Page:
The Bellevue Avenue branch of the Montclair Public Library hasn’t reopened since the start of the coronavirus pandemic. (ERIN ROLL / MONTCLAIR LOCAL)

By ERIN ROLL
roll@montclairlocal.news

The municipal budget Montclair Township officials are considering would leave the public library more than half a million dollars short of the funding its leaders hoped to see. That has them worried that the Bellevue Avenue branch might not be able to reopen, and that services and staffing slashed during the coronavirus pandemic won’t return anytime soon.

“I will say that it is a proposed budget, that we hope the Township Council will be able to readjust and reevaluate accordingly,” library Director Peter Coyl said.

The library saw big cutbacks in the pandemic. In 2020, township officials initially expected to provide the library with about $3.5 million  — a little over $2.6 million of which is required through a state formula, and the rest at local officials’ discretion. Once the pandemic hit, they cut that back to a total of $2,983,990 — a level the library hadn’t seen dip as low in about two decades.




The library was closed for nearly seven months. Some in-person services resumed in October at the main branch on South Fullerton Avenue, but the Bellevue branch has yet to reopen. At the main branch, browsing is restricted to the first floor, and computers and other services are still off-limits. 

Employees had been furloughed for 27 weeks in 2020 before 21 staffers were let go.

Now, in 2021, a proposed municipal budget holds funding virtually flat with those pandemic-prompted cuts. The library would get an even $3 million. The state-mandated portion would rise slightly, to a little less than $2.7 million. 

The additional funding at local officials’ discretion would be about $320,000 — about $35,000 less than ultimately set aside for that purpose in 2020. In all, it’s about half a million dollars less than Coyl told Montclair Local in March was in the library’s temporary budget. At the time, he hoped the township would ultimately set aside more.

The library is still evaluating what the budget will mean for programs, since the budget is a proposed one at this point, Coyl said. But if the proposed budget numbers end up being the final ones, he said, the library may not be able to bring back all of its staff and programs.

“It most likely means that we will not be able to restore our service levels to pre-pandemic levels,” he said. 

Coyl said the library remained dedicated to providing services to the community and that the library board of trustees would be meeting at a later date to discuss the budget and possible next steps.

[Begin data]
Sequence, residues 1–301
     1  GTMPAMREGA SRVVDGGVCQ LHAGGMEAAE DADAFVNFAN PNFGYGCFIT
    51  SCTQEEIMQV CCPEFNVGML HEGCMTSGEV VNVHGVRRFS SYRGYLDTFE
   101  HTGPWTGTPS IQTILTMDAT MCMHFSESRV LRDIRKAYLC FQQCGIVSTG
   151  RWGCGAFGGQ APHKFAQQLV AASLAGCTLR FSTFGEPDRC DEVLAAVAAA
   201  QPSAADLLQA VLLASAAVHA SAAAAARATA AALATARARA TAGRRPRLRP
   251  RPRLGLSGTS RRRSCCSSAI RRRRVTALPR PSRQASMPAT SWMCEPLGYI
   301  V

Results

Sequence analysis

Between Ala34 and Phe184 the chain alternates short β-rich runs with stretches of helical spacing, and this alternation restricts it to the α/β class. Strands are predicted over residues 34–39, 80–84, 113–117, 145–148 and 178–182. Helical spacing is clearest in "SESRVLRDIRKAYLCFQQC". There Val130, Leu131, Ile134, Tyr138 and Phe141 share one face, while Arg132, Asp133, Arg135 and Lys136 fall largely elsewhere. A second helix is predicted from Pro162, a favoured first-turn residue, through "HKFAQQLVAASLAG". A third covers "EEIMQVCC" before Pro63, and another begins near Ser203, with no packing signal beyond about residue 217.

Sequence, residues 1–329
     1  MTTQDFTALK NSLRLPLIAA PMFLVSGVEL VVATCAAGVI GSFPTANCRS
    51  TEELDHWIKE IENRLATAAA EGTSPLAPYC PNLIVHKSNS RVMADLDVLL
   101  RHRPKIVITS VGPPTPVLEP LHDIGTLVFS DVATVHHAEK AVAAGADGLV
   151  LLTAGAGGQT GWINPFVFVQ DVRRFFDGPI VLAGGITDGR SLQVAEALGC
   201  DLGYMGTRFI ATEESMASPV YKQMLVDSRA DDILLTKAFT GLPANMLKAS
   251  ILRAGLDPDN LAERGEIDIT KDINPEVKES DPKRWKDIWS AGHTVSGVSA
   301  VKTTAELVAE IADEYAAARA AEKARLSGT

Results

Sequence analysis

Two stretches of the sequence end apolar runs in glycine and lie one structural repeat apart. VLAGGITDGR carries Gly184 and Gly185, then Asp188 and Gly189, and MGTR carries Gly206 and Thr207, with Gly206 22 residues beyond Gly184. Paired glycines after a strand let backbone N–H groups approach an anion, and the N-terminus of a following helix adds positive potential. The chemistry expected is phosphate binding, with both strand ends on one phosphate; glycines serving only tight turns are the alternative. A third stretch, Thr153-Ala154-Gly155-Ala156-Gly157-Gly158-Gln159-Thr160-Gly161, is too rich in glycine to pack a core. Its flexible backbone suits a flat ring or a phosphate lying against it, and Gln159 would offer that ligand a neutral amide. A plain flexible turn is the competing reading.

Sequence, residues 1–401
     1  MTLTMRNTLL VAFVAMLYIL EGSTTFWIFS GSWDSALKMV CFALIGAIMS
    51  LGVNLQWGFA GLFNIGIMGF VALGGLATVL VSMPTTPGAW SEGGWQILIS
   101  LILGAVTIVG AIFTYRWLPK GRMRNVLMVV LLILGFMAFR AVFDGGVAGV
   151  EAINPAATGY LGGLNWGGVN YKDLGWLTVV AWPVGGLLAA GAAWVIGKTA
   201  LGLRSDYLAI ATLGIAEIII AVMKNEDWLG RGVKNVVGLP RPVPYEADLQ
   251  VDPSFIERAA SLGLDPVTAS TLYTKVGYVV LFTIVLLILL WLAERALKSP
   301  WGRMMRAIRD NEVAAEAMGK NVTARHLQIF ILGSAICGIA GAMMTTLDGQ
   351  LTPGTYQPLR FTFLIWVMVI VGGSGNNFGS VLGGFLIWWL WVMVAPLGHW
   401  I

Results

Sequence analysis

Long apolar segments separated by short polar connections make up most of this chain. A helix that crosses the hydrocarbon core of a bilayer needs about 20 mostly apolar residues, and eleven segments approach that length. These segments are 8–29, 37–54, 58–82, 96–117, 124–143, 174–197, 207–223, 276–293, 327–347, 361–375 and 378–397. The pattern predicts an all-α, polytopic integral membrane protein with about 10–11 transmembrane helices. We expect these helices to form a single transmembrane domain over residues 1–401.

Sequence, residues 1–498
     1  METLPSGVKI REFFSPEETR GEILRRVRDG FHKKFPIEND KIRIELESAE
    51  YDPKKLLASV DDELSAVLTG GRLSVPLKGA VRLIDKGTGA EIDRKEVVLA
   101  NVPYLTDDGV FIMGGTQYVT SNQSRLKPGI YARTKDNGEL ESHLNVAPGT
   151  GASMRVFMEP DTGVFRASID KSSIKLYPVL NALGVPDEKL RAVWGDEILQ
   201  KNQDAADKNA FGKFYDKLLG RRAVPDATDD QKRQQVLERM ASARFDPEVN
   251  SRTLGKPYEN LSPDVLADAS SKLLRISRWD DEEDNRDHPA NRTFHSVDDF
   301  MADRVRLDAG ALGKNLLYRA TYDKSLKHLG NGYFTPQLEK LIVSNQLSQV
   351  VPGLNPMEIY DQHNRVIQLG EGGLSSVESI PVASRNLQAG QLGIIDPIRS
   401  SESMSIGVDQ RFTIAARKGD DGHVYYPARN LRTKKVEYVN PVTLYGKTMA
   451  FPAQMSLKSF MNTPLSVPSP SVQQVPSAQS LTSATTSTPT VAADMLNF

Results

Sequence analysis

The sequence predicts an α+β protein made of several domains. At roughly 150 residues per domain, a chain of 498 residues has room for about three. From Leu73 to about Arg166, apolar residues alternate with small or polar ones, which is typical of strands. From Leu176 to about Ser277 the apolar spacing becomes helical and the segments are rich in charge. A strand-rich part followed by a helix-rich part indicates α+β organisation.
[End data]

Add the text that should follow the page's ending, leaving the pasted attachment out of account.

At a Feb. 16 Township Council meeting, Deputy Mayor Bill Hurlock said he had been receiving a lot of emails regarding a finance committee meeting with the library.

“I know we had asked the library what they needed to do, we didn’t get an answer, we asked again, we got a half-answer,” Hurlock said. “Got a couple of emails after that, and we met the number we were asked to, period. So I really don’t have much more to say on that one.”  

Hurlock hasn’t returned a message seeking comment on the budget, or earlier messages in past weeks seeking information on how the budgeting process was progressing.

Cordelia Siporin, president of the Friends of the Bellevue Avenue Library, said she found the introduction of the budget on April 6 — during National Library Week, which ran April 4 to 11  —”frankly jaw-dropping.”

“It indicates a disturbing lack of leadership, poor priorities, and an embarrassingly bad sense of optics and timing on the part of those who determine the library’s budget on the town council,” she wrote in a statement to Montclair Local. The statement has been published as a guest column as well. “It feels like a slap in the face to the library lovers and library users of Montclair, and I think the citizens, voters, and taxpayers of our town deserve much better than this.”

Siporin said the prolonged closure of the Bellevue Avenue branch runs the risk of causing the branch to be closed permanently. 

The same circumstances — a drop in municipal funding —  led to the library board of trustees’ deciding to close the branch in 2010, Siporin said. It took public outcry for the branch to be reopened in 2011, on a limited schedule, she said.

The budget under consideration would result in a 2.48% increase in the municipal portion of a property owner’s tax bill — the first increase in three years. It will next be discussed at a public hearing May 4.